What happens when the DOJ accuses a Swiss bank of tax evasion?

They cooperate. At least that is what happened when the Department of Justice (DOJ) recently went after a Swiss bank accused of helping United States citizens hide assets and avoid tax obligations.

Details of the DOJ’s findings

The DOJ recently announced it entered a deferred prosecution agreement with HSBC Private Bank, a bank that operates in Switzerland. Essentially, this means the bank agrees to accept responsibility for the listed allegations and cooperate in the ongoing investigation with the Internal Revenue Service (IRS) as well as other federal agencies in exchange for the United States choosing not to move forward with prosecution against the bank.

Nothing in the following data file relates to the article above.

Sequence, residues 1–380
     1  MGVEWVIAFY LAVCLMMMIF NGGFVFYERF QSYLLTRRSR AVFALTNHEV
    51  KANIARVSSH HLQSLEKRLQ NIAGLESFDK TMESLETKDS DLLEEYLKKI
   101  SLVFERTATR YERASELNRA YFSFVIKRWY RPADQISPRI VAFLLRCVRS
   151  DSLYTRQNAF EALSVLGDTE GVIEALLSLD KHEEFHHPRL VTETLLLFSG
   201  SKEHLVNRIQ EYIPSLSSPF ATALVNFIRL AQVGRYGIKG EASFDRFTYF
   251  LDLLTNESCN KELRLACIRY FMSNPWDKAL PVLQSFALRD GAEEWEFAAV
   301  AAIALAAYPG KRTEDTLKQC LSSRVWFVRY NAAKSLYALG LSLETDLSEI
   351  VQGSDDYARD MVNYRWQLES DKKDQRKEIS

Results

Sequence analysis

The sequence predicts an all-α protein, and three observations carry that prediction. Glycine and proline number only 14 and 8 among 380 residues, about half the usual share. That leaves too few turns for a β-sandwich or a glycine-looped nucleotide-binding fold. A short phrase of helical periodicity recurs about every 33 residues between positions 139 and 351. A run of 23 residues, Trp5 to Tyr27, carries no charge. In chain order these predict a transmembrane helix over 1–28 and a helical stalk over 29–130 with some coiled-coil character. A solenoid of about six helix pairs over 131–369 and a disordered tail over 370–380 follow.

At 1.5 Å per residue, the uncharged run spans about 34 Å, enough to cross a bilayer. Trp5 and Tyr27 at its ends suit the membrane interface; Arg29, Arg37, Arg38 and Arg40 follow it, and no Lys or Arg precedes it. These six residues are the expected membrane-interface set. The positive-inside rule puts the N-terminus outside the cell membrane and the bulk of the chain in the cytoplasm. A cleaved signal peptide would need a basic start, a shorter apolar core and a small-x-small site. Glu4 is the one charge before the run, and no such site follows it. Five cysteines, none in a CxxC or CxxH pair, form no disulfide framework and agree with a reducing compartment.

The United States government accused the bank of hiding over $1 billion in undeclared assets for United States citizens. As part of the agreement, the bank admitted to assisting United States citizens in attempts to hide their assets from the IRS and agreed to pay the U.S. government $60 million. This amount is said to “represent the unpaid taxes” that resulted from the failure to report these assets.

More on the cooperation provision

Those who use foreign accounts are wise to learn from the cooperation provision contained within the deferred prosecution agreement. This provision requires officials at the bank provide information about United States related accounts within the bank. Bank officials who fail to do so could face additional charges.

United States citizens with foreign accounts are wise to take note. Foreign officials are sharing information about bank accounts held by those who owe taxes to the United States. Now is a good time to review the status of foreign accounts to better ensure compliance with United States tax laws.

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